"The focus of the conference is to unite all Marylanders (autonomous organizations) under one umbrella organization, like the Association of Marylanders in the United States. And at the end of the conference it was unanimously agreed upon by the body that we should form a national organization and a technical working committee was set up (a seven man committee that is headed by Mr. Nat Davis). The committee is supposed to draft a constitution and by-laws for the newly formed national Association of Marylanders in the United States. Within sixty days, the committee will have [the by-laws and constitution] dispatched to all the autonomous chapters for ratification and right after that there will be a subsequent convention at whichtime Marylanders will come together to approve of the final document that will constitute our by-laws and constitution The organization will focus on things that are of concern to the people of Maryland County. We are going to learn from the mistakes of other Liberian organizations, such as ULAA, and improve on what we need to do for the benefit of our people.

"Maryland is perhaps one of the counties that were hardest hit by the civil war. And since the end of the war, I understand, in order to get access to Maryland County from Monrovia, you have to go through Ivory Coast to come to Maryland County. One of the things we are going to push for is to work in partnership with some NGO's so they can do some work in the county. There are lots of social concerns in the county. We don't want to promise that we are going to take care of all the social concerns of the county, but there are some basic things we can do for the benefit of our county."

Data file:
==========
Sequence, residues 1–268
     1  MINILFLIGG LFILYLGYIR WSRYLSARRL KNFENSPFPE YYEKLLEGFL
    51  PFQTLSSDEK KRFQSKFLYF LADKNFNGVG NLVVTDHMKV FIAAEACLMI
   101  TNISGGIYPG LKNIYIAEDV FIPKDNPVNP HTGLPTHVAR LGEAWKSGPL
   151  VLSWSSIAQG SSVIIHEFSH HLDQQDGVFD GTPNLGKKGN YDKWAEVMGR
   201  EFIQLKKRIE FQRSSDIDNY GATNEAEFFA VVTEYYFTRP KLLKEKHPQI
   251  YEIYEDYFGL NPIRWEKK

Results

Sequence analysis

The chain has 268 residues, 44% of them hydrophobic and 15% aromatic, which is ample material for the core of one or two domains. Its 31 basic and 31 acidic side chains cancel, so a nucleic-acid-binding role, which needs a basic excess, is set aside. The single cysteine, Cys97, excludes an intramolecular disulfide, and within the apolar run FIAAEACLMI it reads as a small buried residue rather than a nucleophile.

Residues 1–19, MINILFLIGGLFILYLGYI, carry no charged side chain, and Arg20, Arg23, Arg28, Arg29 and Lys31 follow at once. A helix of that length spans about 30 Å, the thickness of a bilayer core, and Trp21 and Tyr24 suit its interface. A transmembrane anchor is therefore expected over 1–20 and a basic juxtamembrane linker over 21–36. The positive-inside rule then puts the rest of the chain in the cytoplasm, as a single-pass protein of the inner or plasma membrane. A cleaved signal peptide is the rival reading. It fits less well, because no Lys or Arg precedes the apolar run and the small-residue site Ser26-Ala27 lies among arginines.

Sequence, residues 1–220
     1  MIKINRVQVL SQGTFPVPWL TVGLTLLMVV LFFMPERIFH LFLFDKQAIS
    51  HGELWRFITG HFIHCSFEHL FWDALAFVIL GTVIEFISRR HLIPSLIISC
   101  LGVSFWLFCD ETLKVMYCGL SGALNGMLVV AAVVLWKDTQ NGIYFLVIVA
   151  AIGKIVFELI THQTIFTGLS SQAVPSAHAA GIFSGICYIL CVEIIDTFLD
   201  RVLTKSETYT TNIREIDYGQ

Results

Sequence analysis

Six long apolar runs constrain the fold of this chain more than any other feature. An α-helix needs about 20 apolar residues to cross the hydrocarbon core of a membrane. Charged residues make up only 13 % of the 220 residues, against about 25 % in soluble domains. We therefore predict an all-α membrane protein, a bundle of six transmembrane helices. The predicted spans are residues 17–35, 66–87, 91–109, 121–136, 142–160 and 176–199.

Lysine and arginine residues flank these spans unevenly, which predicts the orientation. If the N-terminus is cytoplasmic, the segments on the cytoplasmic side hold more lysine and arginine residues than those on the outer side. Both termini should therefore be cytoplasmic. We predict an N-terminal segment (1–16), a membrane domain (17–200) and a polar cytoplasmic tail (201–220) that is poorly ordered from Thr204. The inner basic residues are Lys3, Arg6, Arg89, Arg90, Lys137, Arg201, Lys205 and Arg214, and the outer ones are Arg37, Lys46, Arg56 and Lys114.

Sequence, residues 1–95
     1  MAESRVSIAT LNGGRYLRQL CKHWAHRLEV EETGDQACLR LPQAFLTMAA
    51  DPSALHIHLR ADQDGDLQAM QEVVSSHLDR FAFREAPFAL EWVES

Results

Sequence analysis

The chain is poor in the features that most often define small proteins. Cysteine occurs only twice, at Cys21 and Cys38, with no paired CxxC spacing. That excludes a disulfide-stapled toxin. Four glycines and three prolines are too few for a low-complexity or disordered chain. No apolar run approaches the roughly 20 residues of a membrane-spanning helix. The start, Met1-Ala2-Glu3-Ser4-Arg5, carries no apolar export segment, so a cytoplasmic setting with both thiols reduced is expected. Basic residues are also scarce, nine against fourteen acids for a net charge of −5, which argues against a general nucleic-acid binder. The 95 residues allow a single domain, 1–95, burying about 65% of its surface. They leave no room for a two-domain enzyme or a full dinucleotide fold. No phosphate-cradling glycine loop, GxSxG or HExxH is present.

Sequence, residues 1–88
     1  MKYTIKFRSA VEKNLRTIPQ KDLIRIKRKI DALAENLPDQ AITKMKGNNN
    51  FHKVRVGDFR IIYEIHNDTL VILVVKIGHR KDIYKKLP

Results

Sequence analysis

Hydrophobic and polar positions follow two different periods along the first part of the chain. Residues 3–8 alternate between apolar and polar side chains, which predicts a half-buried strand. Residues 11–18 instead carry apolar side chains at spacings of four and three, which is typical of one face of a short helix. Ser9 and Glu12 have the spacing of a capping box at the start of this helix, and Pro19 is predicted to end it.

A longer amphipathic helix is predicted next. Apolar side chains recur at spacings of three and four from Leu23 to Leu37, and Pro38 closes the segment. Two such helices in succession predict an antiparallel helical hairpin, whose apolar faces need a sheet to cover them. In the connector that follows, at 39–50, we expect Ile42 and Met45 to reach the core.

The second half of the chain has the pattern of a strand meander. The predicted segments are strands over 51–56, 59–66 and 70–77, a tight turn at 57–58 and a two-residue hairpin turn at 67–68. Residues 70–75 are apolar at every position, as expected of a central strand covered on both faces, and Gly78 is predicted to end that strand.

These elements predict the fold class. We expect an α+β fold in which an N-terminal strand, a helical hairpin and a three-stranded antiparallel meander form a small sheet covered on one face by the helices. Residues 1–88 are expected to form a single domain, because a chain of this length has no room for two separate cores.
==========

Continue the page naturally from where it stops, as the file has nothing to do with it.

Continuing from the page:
Commenting on the mass failure of 12th Graders in the National Exams, Mr. Boley continued, "In the short term, it's a general concern to all Marylanders. We are hoping that right after we formally adopt the constitution, this is an issue that we are going to address. Of course, we are very much concern about the low standard of education that is going on. In fact Maryland at one point in our pre-war history use to be the educational Mecca of Liberia. You had people from all parts of Liberia coming there to go to school. We have some of the best institutions. But as the result of war and other things going on in the country, the standard has actually been lowered. But in the not too distant future this will be the priorities of the first national administration that will come into place."

Commenting on the lack of interest Marylanders have shown in their county, Mr. Gabriel Martin Wureh, laid the blame for the failure at the feet of his fellow Marylanders. "We have fallen short of our responsibility to the kids within our area with respect to providing for them what was provided for us by our ancestors. And that's why we are here today to acknowledge that and say look, regardless of this political situation that exist in our country, we still owe our responsibility to these kids."

In few months Marylanders will meet to finalize the formation of the national body.